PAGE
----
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Antimicrobial Resistant Escherichia Coli and Sequence Type 131 in Urinary Tract Infections



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Antimicrobial Resistant Escherichia Coli and Sequence Type 131 in Urinary Tract Infections by Pui-Shan Chu
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This dissertation, "Antimicrobial Resistant Escherichia Coli and Sequence Type 131 in Urinary Tract Infections" by Pui-shan, Chu, 朱佩珊, was obtained from The University of Hong Kong (Pokfulam, Hong Kong) and is being sold pursuant to Creative Commons: Attribution 3.0 Hong Kong License. The content of this dissertation has not been altered in any way. We have altered the formatting in order to facilitate the ease of printing and reading of the dissertation. All rights not granted by the above license are retained by the author. Abstract: Background A pandemic clone, Escherichia coli sequence type 131 (ST131), has been disseminated worldwide and represents an important cause of antimicrobial resistant infections. The spread of this resistant clone has become a great public health concern. Objectives The aims of this study were to investigate the prevalence of ST131 in Escherichia coli isolates from human urinary cultures in Hong Kong and study the antimicrobial phenotypes of ST131. Methodology This study included 340 E. coli clinical urinary isolates obtained from patients in four district hospitals between May 2013 and July 2013 in Hong Kong. Antimicrobial susceptibilities were assessed by disk diffusion method with reference to CLSI. The isolates were investigated by phylogroup-specific and ST131-specific PCR assays. ST131 strains were further assessed for subclone distribution, antimicrobial resistance and extended-spectrum β-lactamase (ESBL) type. Results A total of 18.5% (63/340) of the E. coli population was identified as ST131. ST131 isolates were significantly more likely than non-ST131 isolates to be ciprofloxacin resistant (69.8%, 44/63 versus 31.0%, 86/277; P Conclusion This study showed that ST131 isolates were widespread among human E. coli urinary isolates in Hong Kong. The increase in antimicrobial resistance phenotypes are highlighted with ST131, especially the H30 subclone isolates. The dissemination of the ST131 resistant clonal group has aroused clinical attention and limited the choice of empirical treatment. DOI: 10.5353/th_b5303900 Subjects: Urinary tract infections - MicrobiologyDrug resistance in microorganisms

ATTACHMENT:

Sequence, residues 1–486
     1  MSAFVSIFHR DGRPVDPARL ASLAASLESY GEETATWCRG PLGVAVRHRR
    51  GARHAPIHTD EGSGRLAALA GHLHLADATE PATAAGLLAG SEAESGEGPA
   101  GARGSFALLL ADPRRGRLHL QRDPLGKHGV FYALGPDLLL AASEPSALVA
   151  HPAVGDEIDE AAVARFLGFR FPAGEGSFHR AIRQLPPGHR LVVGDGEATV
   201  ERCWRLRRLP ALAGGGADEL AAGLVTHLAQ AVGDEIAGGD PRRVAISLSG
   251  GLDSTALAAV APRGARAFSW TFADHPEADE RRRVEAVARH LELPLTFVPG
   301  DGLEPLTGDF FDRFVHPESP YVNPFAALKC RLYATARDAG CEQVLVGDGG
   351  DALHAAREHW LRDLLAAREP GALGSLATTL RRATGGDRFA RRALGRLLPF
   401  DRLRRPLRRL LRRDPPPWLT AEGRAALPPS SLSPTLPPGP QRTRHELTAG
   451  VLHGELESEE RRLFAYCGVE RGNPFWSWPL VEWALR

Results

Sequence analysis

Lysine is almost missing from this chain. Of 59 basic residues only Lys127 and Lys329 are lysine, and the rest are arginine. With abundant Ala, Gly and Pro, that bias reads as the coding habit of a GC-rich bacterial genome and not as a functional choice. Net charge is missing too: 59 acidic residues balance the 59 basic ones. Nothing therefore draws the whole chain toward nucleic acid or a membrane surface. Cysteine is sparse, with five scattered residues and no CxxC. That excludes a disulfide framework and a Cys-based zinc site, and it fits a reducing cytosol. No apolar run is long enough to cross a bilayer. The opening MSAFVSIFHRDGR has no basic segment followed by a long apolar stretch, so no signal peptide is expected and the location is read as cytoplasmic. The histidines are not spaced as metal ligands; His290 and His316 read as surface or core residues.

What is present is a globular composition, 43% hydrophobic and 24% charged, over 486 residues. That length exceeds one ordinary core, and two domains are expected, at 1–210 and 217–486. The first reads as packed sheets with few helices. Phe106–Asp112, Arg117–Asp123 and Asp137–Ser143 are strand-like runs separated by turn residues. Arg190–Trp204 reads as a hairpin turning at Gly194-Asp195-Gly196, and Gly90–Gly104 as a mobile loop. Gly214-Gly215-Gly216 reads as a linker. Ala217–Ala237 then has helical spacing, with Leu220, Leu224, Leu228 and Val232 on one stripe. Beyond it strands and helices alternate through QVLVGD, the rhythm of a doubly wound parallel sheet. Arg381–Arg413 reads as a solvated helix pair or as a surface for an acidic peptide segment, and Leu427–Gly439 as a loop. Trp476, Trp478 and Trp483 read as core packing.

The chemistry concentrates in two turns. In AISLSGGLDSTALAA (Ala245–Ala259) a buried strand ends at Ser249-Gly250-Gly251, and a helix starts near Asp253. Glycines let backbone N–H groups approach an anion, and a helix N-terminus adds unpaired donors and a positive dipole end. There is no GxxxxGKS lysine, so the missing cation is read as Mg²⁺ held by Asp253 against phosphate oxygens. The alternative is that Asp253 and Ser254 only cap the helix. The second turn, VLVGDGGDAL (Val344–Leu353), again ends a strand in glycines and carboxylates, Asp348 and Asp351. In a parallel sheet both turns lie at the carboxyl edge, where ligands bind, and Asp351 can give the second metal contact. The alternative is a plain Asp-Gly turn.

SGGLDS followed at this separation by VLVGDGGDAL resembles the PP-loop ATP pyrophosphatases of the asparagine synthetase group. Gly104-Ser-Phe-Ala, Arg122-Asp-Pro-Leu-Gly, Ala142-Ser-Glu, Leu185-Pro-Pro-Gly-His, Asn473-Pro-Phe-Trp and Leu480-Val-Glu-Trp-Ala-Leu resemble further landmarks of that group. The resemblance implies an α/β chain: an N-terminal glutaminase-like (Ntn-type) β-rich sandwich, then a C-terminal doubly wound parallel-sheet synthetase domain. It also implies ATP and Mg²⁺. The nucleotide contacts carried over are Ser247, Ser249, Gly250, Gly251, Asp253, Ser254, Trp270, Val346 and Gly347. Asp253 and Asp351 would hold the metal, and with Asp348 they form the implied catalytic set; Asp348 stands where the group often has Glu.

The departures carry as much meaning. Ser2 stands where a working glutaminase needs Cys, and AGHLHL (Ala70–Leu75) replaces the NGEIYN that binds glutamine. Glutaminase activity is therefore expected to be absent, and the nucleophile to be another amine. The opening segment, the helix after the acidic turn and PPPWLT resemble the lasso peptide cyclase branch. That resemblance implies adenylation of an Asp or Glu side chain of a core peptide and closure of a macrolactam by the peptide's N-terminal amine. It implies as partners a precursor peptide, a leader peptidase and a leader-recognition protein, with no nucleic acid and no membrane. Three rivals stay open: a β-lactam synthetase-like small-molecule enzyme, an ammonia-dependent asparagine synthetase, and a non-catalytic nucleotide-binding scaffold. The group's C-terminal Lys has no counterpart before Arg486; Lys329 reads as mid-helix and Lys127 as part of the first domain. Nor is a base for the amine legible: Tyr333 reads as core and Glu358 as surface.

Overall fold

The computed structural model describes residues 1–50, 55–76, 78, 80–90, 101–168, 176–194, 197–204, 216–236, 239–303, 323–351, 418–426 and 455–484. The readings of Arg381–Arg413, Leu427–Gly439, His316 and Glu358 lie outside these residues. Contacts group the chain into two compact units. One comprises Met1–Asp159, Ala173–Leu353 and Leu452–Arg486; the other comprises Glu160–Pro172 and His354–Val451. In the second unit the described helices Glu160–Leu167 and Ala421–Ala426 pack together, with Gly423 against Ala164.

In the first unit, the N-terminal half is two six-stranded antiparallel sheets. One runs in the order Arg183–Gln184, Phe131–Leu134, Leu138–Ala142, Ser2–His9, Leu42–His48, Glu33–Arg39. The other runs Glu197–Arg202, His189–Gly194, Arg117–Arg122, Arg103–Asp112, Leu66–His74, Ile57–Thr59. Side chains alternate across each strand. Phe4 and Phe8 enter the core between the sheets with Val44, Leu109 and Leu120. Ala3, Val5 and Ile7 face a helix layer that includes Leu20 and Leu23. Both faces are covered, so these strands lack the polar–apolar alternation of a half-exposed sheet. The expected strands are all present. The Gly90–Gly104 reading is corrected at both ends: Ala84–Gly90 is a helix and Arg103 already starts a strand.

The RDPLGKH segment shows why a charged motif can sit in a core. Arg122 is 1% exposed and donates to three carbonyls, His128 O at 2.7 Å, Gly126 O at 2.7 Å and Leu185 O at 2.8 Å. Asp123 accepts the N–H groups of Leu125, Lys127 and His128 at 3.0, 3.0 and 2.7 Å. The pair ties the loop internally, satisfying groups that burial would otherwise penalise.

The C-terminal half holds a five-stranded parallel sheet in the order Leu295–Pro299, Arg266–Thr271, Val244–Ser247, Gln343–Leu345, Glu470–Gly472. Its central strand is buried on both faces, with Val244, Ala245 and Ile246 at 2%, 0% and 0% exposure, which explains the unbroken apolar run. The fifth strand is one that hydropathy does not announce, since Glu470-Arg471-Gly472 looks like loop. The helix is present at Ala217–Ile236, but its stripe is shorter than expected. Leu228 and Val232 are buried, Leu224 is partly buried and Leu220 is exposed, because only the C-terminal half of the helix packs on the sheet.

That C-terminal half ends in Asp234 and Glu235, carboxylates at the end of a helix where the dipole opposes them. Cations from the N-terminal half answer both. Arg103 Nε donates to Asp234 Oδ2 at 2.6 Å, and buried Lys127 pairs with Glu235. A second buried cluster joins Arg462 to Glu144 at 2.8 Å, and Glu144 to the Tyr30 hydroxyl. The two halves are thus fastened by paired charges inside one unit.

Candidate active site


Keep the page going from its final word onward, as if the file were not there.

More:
Release date NZ
January 27th, 2017
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Country of Publication
United States
colour illustrations
Open Dissertation Press
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